Eight-year-old Martin Richard, who was killed in last week’s bomb attack at the Boston Marathon, was laid to rest this week at a local cemetery after a private funeral service, according to a statement issued by the family.
“The outpouring of love and support over the last week has been tremendous,” Denise and Bill Richard said. “This has been the most difficult week of our lives and we appreciate that our friends and family have given us space to grieve and heal.
“A private Funeral Mass was celebrated [Tuesday] morning with immediate family. We laid our son Martin to rest, and he is now at peace. We plan to have a public memorial service in the coming weeks to allow friends and loved ones from our community to join us for a celebration of Martin’s life.”
Martin, a third-grader at the Neighborhood House Charter School, is being mourned across the nation and the world. His sister, seven- year-old Jane Richard, remains hospitalized. Like her brother, she was caught in the second of two coordinated bomb blasts outside the Forum restaurant on Boylston Street. Their mother, Denise Richard, was also injured in the explosion, but not as seriously.
The family— including an older brother, Henry, and father Bill Richard, were watching the marathon near the finish line when the bombs —allegedly built and put in place by two Cambridge brothers — erupted.
Friends and neighbors have set up a fund  that will aid the Richard family with expenses related to the attack and their medical care. As of yesterday, the fund has collected more than $238,000 — and that total does not include checks that have been dropped off to St. Mark’s Area Main Street, which is the fiscal agent for the fund. Bill Richard served as the president of the volunteer board of the Main Street organization until recently. Organizers stressed that the family did not seek to launch the fund, but neighbors and friends felt it necessary to do so to meet the demand locally from folks who want to assist in any way possible.
Kevin Andrews, headmaster of the Neighborhood House Charter School, said that the city of Boston had responded swiftly to buttress the Pope’s Hill school’s own resources with grief counselors and other assets as the school re-opened on Monday following April vacation. The Richard family has strong connections to the charter school on Queen Street. In addition to Martin, Jane is in the first grade and mother Denise serves as the school’s librarian.
“The mayor’s office, Dr. Johnson and the Boston Public Schools – they have all been tremendous,” said Andrews.
Andrews said that Jane is a shy, sweet little girl who quickly warmed up to the new school environment last year and who recently became an Irish-step dancing student.
“She loves to give hugs,” Andrews told the Reporter.
Martin started at the school in first grade after spending his kindergarten years around the corner at the Pope John Paul II Catholic Academy’s Neponset campus. “He was the student in class that teachers counted on to help other students who might be struggling,” Andrews said. “He was on the quiet side, but a compassionate, helpful kid who really stood out. The other children looked up to him.”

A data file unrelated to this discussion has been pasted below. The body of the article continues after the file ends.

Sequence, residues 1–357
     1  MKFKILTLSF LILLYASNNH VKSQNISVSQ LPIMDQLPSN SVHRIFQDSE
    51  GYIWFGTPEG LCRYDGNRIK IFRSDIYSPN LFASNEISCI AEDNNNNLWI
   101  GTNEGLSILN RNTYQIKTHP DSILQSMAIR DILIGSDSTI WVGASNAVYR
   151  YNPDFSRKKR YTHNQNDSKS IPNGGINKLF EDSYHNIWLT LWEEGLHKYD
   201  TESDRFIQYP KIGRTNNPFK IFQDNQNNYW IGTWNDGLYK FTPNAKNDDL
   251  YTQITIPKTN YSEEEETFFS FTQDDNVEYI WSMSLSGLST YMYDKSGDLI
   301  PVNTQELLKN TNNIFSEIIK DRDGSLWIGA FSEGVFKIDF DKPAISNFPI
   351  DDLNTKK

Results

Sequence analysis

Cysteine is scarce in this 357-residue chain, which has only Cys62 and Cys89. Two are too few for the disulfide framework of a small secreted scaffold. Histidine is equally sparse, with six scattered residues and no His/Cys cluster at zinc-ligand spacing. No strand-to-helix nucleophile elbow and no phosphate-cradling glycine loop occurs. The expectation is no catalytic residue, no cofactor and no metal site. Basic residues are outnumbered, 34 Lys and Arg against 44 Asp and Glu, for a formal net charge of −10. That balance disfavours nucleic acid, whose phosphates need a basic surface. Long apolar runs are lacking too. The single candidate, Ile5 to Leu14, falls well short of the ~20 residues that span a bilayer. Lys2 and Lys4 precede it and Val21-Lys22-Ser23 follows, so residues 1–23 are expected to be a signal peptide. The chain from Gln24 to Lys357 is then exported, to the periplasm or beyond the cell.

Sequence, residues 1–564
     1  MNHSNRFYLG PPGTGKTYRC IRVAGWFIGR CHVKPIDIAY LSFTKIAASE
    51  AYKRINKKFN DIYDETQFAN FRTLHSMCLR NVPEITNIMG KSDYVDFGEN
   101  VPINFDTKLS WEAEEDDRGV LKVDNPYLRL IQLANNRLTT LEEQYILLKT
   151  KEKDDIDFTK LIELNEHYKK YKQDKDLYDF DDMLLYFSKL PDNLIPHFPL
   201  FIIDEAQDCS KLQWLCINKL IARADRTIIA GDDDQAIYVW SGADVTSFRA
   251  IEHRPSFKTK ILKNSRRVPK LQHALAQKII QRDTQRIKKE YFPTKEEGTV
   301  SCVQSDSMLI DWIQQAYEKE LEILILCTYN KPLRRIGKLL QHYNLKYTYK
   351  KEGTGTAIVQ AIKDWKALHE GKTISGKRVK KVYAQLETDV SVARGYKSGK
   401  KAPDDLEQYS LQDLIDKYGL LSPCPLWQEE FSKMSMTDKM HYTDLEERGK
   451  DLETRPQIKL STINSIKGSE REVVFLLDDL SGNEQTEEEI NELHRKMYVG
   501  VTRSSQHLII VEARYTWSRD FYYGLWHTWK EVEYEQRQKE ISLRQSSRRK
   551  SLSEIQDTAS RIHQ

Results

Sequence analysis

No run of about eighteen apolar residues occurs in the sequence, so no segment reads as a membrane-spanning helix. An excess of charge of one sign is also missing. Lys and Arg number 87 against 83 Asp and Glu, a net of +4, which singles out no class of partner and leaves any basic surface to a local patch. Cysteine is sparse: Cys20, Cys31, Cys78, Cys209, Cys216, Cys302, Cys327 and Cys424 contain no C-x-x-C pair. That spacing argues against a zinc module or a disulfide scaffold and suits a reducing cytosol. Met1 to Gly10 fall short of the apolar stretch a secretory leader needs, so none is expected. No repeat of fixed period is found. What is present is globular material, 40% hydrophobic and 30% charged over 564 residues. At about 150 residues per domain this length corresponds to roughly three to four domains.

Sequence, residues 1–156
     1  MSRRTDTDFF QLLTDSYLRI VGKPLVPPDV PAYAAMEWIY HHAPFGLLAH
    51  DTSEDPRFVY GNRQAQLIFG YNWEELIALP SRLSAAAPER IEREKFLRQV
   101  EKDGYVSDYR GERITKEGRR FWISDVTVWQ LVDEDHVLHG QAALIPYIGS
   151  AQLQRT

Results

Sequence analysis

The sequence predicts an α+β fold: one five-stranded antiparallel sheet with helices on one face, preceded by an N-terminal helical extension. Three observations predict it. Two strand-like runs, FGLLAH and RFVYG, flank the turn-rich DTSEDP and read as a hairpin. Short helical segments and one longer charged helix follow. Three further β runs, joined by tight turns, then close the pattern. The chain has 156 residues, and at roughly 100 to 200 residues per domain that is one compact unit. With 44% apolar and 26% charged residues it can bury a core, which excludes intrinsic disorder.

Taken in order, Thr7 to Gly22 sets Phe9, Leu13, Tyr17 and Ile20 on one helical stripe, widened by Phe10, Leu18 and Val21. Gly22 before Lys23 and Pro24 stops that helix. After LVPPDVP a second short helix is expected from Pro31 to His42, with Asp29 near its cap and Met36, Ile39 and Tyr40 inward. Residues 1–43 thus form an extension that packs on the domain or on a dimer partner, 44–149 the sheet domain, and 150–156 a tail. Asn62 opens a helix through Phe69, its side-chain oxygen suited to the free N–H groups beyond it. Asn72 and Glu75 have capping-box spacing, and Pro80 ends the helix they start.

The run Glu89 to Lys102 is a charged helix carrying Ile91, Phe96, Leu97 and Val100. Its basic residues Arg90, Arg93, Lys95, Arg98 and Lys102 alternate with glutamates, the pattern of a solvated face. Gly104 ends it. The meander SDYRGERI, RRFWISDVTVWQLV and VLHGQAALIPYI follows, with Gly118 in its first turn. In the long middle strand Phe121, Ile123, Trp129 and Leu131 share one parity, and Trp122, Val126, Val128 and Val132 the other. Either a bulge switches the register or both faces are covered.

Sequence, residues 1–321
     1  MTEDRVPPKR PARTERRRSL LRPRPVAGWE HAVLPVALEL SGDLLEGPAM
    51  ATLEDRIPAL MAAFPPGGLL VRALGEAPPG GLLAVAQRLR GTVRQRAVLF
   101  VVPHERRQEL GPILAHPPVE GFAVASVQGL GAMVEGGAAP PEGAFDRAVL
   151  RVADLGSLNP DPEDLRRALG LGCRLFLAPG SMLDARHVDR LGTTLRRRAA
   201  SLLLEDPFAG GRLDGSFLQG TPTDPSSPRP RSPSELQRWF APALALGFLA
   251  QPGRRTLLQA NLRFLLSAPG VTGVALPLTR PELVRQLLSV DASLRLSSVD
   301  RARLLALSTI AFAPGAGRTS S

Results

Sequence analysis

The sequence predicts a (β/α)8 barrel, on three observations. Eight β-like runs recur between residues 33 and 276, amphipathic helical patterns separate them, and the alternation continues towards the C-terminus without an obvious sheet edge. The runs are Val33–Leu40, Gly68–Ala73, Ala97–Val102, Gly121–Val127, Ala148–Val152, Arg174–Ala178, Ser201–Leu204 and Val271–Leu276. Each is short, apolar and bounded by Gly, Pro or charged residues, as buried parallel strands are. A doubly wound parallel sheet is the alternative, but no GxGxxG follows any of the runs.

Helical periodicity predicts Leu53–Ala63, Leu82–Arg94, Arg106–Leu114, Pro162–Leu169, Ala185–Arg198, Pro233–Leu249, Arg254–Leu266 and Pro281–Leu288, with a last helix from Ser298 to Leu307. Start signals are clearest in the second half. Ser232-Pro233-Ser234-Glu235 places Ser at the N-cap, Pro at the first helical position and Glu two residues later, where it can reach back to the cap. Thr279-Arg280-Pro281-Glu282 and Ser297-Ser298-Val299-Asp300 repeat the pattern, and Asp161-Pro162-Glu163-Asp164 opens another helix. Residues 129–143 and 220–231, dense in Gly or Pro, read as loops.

Andrews remembers that Martin was a huge sports fan who wore his favorite Red Sox player’s jersey to school the week before Patriot’s Day.
“He was a big Dustin Pedroia fan,” said Andrews.
Denise Richard, the headmaster said, is a dedicated staff member who turned her focus to making the school’s library a top-notch resource for students. “She’s done a remarkable job,” said Andrews, who recalls that the Richard family frequently attended school functions together— including a book fair held this year that Denise organized and staffed.
“Pray for all the kids at Neighborhood House Charter School,” Andrews requested of a reporter.
Rev. Sean Connor of St. Ann Church in Neponset— where the family worships— has worked closely with the Richard family since the events of last Monday. The St. Ann pastor offered words of comfort to parishioners in a letter circulated late last week.
“Please know that our parish is working with the Richard family to identify the areas where they need your support the most,” Father Connor wrote. “We are also working with other community groups to coordinate times for community prayer, reflection, and monetary support to help the family.
“Your prayers and love are felt by the family, and they ask for you to continue to pray,” wrote Connor. “I know that many kind gestures and gifts have been left by friends and well-wishers at the family home. The family has asked that you refrain from leaving these items at their home.
“Please know that the Peabody Square Clock, which has long been a symbol of community for the Richard family, has been established as the primary memorial site for those who want to pay respects to Martin and the family and offer a gesture of prayers and well wishes.”
A fund set up as a central repository for all of the bombing victims — the One Fund— has collected more than $20 million in the week since the attack. Governor Patrick and Mayor Menino formally introduced attorney Ken Feinberg as administrator of One Fund Boston at a press conference at the Fairmont Copley Plaza on April 23. The officials said more than 50,000 individuals have contributed $5 million so far through personal checks and online contributions, and more than 60 corporate donors have given a combined $15 million to benefit the families of the killed and those injured in the terror attack.
Feinberg, who oversaw the September 11 Victim Compensation Fund, said a final protocol for distribution of the funds should be ready by May 15, and the deadline to register for benefits will be June 15. Payments to families and victims are expected to be distributed June 30.
State House News Service reports were used in this story.